Brown bread - a thriller about right-wing populists in Rostock

Brown bread - a thriller about right-wing populists in Rostock

3 out of 5 points A far-reaching detective thriller about the seductive power of right-wing populism – which ultimately suffers too many clichés. What’s the matter? Sylvia Schulte, the hopefuls of the right-wing populist “Party for Freedom and Security” (PFS) is found dead, she has been burnt alive. Katrin König (Anneke Kim Sarnau) and Alexander Bukow (Charly Hübner) from the LKA
Rostock First suspect the personal assistant to the politician: The dead should have had a relationship with the Syrian Karim Labaneh (Atheer nobility). Or is the culprit in Schultes past to search – the time when she still with right-wing extremist camaraderie surrounded? The investigators dive deep into the right-wing scene of Mecklenburg-Vorpommern. Why is this “Police Call 110” worthwhile? For long stretches, this film succeeds in making the fascination of right-wing populist parties clear, without shouldering the same with its raised index finger. Emblematically this happens in a conversation between the moralizing
king and the internally torn Bukov: He sees the causes for the success of right-wing ideas in the retreat of the state – and compares this with bread-making: “If you take care of it, the bread will not turn brown, but if you do not care, then a bread will turn brown, and then it will be dark brown.” Look around here, there are no more crèches, no kindergartens, no schools People are on their own, if nobody cares from above, then you run after the one with the biggest mouth, no matter what color he wears. ” Another dialogue unfolds between King and the PFS party leader Roland Herlau (Michael Wittenborn). She accuses her of playing only with the fears of his constituents. The right-wing populist waits calmly until the official finishes her tirade. And then replies: “Listen, understand, see you again, Mrs. King.” The recipe for success in two words – better you can not summarize it. What annoys? The right-populist PFS shown here is only slightly recognizable as AfD. But is not it going too far when a toll-financed crime thriller settles with a party represented in the Bundestag? Should not that be reserved for political journalism? Especially since this argument always gets clichéd: Similar to the broadcast last December “crime scene” episode “Dark Time” with Wotan Wilke Möhring it is not enough in this thriller that the politicians represent a sometimes inhumane ideology – they must also dirt at the plug. Even the dumbest spectator should understand the message: right-wing populists are actually criminal. If it were that easy … The commissioners? Katrin King and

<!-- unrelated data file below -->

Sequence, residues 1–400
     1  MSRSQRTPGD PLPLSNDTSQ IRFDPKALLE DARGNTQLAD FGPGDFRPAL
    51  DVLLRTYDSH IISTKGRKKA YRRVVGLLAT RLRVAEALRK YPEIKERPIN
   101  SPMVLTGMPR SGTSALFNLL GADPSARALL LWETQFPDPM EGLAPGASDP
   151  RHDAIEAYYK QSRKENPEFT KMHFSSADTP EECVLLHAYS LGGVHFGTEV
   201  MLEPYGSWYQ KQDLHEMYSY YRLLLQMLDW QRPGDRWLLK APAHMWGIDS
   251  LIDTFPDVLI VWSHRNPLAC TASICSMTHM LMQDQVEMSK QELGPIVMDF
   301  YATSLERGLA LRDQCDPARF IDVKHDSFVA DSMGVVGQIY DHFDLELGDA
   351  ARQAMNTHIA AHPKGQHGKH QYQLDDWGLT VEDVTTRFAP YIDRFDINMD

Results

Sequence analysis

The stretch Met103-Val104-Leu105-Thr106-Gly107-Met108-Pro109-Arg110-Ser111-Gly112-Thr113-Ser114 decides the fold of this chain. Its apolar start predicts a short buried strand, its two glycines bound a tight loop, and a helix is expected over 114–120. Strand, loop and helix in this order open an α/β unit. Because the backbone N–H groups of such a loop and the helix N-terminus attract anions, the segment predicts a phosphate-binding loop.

Alexander Bukov The disciplinary process is imminent: King has attacked a man who wanted to rape her. Bukov has covered it by his statement. Because Katrin König is too morally, she ultimately told the truth – now her colleague hangs in there because of false testimony. And is terribly angry. What the cooperation of the two sensitive burdened. On or off? Before football takes over the scepter on television, you can still spend a thriller night. Bukov and King are always worth switching on.

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